Now this is a point I want to expand on later in more detail, but for now I just want to say, football is a complex system, and like all complex systems, it's impossible to really nail down what's going on. And this is true at all levels; from an individual play to the entire system. The system will react and adapt to outside stimuli, and sometimes just mutate randomly. In other words talking about football is like talking about climate; we can model long-term trends and patterns, but that has little to do with the immediate weather.

So what's the upshot to all this? Well it's silly season, which means there are a ton of pundits trying to live up to the name. Talking heads will be making 100% guaranteed predictions, moralist writers will talk in absolutes and black and whites. It makes for good copy, but really distorts our ability to correctly analyze and understand the game of football.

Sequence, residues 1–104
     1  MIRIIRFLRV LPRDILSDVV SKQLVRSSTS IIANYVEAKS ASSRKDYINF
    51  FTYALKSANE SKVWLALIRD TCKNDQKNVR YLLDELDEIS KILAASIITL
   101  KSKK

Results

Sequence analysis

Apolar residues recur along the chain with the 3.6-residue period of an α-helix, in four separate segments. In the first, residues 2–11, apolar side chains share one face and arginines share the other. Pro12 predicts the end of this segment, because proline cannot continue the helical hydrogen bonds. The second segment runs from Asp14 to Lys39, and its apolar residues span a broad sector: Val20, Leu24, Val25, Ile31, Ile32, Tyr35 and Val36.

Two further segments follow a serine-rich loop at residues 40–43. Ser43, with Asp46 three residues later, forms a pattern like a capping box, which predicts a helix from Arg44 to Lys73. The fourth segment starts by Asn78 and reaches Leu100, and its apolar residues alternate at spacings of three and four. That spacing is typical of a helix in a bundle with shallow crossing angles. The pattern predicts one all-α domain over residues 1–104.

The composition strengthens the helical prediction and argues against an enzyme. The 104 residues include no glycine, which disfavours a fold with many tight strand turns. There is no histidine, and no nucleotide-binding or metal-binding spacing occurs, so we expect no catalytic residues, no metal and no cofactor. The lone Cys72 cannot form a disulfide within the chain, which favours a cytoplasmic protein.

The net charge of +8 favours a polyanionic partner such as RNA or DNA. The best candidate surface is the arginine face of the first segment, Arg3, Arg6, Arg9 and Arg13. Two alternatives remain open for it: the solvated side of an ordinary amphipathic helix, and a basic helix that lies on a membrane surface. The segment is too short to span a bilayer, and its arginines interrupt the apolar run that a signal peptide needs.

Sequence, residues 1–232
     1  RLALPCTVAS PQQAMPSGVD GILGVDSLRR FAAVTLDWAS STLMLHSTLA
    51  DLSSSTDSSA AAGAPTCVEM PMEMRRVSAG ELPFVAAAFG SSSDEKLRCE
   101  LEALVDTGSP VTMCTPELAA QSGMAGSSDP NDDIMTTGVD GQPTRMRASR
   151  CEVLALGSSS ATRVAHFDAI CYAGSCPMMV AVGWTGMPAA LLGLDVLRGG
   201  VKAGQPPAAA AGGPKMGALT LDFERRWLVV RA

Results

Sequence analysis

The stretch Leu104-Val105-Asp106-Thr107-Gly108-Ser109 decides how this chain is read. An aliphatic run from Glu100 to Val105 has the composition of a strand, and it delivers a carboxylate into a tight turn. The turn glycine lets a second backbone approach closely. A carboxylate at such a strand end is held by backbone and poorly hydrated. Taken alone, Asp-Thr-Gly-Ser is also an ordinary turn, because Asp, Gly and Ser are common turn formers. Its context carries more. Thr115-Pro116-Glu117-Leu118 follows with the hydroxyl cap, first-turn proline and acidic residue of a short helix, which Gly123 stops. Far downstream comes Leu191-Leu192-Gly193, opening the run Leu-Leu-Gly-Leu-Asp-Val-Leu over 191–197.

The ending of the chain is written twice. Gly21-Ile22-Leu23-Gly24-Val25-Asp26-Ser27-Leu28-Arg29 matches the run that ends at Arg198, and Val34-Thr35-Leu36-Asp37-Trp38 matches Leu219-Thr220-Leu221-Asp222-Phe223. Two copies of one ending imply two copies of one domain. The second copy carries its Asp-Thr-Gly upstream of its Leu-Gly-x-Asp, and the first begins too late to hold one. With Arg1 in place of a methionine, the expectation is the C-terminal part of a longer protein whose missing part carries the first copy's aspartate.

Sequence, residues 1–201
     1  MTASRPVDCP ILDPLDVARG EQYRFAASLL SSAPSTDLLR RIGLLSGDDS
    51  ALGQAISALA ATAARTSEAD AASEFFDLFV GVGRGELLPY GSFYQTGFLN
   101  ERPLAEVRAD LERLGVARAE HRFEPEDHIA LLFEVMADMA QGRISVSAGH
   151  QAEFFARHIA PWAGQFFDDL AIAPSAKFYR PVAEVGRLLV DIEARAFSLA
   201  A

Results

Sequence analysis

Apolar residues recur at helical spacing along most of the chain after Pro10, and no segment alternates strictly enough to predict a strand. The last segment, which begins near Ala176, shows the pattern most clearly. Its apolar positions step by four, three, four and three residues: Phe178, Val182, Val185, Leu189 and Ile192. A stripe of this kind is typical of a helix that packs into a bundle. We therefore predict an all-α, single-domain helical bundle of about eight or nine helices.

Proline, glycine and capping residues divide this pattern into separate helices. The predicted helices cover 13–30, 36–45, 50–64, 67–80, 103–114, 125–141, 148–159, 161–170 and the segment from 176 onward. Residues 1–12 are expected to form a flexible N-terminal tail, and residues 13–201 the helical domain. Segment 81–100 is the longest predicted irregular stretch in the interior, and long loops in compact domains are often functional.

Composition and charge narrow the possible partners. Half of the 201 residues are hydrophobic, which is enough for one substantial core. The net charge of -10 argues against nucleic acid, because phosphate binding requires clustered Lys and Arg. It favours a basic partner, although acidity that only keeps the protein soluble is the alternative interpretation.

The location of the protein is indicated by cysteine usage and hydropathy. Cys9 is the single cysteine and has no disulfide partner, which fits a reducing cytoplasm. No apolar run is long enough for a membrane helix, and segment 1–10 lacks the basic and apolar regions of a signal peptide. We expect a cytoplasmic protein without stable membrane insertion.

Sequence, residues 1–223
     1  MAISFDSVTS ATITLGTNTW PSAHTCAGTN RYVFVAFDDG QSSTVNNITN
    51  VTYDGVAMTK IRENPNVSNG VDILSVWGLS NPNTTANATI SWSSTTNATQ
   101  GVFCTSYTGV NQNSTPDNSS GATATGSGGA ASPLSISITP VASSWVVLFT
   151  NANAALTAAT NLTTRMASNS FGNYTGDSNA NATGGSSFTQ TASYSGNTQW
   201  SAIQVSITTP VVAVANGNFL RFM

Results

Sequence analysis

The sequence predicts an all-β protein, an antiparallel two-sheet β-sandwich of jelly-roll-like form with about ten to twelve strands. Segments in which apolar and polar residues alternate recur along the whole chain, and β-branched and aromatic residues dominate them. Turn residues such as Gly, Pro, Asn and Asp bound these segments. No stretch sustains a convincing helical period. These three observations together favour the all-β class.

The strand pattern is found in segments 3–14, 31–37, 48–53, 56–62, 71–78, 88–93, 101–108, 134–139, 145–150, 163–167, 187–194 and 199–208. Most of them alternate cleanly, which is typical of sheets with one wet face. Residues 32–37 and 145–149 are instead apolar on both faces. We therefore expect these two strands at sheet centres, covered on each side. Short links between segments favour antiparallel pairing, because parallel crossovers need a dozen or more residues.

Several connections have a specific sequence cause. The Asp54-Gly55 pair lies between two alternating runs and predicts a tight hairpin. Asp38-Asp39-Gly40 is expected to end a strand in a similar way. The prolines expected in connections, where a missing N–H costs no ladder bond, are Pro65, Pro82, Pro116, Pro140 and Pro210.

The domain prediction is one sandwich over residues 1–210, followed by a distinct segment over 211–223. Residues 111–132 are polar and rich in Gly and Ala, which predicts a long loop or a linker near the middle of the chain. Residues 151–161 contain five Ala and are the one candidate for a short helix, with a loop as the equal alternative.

The TE Game:

An excellent example of what I meant above can be found in the discussion of Dallas's two-tight-end set. When people talk about two tight ends they envision something similar to the former Patriots offense with Gronk and Hernandez, two dynamic pass catching tight ends putting up big numbers. And Dallas just hasn't done that. Jason Witten continues to do his normal Pro-Bowl worthy work, but the second tight end, whether it be James Hanna or Gavin Escobar, just doesn't seem to produce much. So people label the two tight end set a failure.

But I'm not sure that's accurate. First off, it's kind of silly to talk about a "two tight end set". Dallas actually used two tight ends in 74 different formations. 74!!! And from those 74 formations we used two tight ends in 435 plays. Since Dallas ran a total of 1,014 plays, we were in a two tight end offense about 43% of the time. And we were effective using it; in the four most common two tight end formations Dallas ran 205 plays for 1,171 yards, a tidy 5.7 yards per play.

So no, I don't believe it's fair to call our two-tight-end sets a failure. It is not the same as New England's two-tight-end offense, but it was a major part of the offensive success that we had last year.